I’ve lived in Jerusalem my entire adult life. We live in the German Colony, which is just a few minutes’ walk from most of the hotels and a 20-minute walk from Jaffa Gate. For a city of 860,000, Jerusalem can feel like a little village. For our kids, its a couple of minutes to school or work or hummus joint. There are days when we don’t use the car at all. If my clients are up to it, and the weather and the schedule cooperate, I almost always prefer to walk. There’s no better way to get to know a city. (Of course, biking is a great way to discover the flatter-than-Jerusalem Tel Aviv. Not to name-drop, but not long ago I spent a great day biking around TA with Rahm Emanuel and daughter.)
Jerusalem is a fascinating place to live, with a lot of different worlds adjoining one another in a space/time continuum that is unique to the city. I marvel over the fact that you can so easily hop from one dimension to another. It is also a study in coexistence. I’ve learned that there are big nasty words that frighten some people, words like Peace or Belief in a Single God, but if you can avoid use of these threatening concepts, then we are doing a pretty good job of getting along and living and let live. It isn’t perfect, for sure. But to have such a diverse group of people living at peace (peace in lower case, of course) in one potentially explosive powder-keg is remarkable. It doesn’t make the headlines; the other, more incendiary stories and sound-bites do, so that’s why I try not to read them.
Physically, Jerusalem is gorgeous, with views of mountains and distant horizons at every turn. The walls and buildings are faced with Jerusalem stone. There are lots of steps and stones and uphills (somehow, never a downhill) so it can take some conditioning, or some taxis, to get through a hot summer day. We’re right on the border with the Judean Desert, and at the top of the Judean Hills. Summer evenings can be cool (sweatshirt or light jacket) even if it was 35 degrees (95 Fahrenheit) at midday. But it isn’t very humid, which is often the case in Tel Aviv and the coast.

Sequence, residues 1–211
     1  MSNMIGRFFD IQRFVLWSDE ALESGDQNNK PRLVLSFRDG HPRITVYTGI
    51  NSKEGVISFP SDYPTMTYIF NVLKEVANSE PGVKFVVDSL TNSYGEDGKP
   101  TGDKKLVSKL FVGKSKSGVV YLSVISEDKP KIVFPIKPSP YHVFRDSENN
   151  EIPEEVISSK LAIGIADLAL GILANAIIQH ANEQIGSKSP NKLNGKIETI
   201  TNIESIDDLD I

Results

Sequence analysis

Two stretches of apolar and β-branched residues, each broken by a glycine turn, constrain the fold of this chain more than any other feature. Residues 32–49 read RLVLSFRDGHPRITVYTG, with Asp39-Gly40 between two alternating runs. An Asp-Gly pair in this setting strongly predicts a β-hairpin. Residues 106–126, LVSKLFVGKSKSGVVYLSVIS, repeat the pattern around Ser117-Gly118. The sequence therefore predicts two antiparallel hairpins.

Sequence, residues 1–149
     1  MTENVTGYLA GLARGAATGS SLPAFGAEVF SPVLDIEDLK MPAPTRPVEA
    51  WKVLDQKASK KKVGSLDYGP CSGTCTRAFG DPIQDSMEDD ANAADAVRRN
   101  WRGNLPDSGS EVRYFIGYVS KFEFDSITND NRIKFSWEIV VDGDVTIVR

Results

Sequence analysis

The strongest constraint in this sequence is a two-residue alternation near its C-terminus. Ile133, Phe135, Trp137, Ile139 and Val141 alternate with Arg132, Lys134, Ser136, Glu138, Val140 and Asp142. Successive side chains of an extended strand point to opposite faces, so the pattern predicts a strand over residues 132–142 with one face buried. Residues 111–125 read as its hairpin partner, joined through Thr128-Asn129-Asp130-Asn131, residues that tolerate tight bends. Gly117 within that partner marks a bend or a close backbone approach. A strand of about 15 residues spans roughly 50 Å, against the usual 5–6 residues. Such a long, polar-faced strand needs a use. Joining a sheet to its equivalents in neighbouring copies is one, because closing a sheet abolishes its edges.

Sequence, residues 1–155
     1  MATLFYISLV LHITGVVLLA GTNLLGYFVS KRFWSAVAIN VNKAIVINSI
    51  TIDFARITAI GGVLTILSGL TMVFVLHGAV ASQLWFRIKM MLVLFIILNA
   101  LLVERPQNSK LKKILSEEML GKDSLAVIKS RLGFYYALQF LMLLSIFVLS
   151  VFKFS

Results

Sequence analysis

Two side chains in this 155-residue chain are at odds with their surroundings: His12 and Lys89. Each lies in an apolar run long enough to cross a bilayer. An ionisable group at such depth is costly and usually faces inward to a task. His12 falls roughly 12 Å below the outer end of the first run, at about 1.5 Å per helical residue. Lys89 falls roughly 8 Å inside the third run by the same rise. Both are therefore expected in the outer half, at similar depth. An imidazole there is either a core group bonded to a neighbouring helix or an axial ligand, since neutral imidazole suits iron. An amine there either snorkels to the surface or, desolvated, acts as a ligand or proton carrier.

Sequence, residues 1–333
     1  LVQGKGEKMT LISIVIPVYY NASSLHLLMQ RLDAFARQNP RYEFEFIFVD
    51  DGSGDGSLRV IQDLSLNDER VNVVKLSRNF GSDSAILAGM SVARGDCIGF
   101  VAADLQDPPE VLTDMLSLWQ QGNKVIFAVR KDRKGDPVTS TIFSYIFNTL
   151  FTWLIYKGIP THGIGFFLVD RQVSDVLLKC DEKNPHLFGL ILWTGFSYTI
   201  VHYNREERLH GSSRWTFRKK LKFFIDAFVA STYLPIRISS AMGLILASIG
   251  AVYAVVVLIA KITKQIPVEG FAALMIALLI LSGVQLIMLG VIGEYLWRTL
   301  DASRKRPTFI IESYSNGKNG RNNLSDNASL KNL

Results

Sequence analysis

Everyone wants to see the Old City. There’s also what I call The Older City, more popularly known as the City of David. That’s where the city of Jerusalem began, along the Gihon Spring, the only source of water in the area. Before long, David conquers and establishes his kingdom’s capital there.
And the rest, pardon the expression, is history. Lots of it. You walk the streets and alleys here and the Bible is still oozing through the seams. I close my eyes and all of my senses spark to life, homing in on what it felt to be here at Ground Zero of the Jewish People during the First Temple period (1000-586 BCE), the Return to Zion (in the Persian period) and the Second Temple period (515 BCE – 70 CE). Kings vs. Prophets, High Priests performing the service in God’s Holy Temple, followers of the Israelite faith vying with idol worshipers, polemics over which regional superpower to ally with, pilgrimages to Jerusalem from all points of the Jewish demographic map.
But one need stretch one’s literary imagination only so far. As we walk through the 21st century edition of all this, we encounter the real and tactile trappings of the Bible’s narrative: sloshing through a 2700-year-old man-made water tunnel carved in order to save King Hezekiah’s Jerusalem from the besieging forces of the Assyrian army; walking up the (now underground) steps that led Temple pilgrims from bathing at the Shiloah Pool to ascending the Temple Mount; looking out on the mosaic floor of a room where our ancestors retold the story of Exodus 2000 Passovers ago. There is a clear and present danger of being swept into the space-time vortex. I may at that point rein you back into the 21st century, and talk about some of the real-time political and religious controversies that propel the City of David into the headlines.
Starting to see why I would want to live in Jerusalem?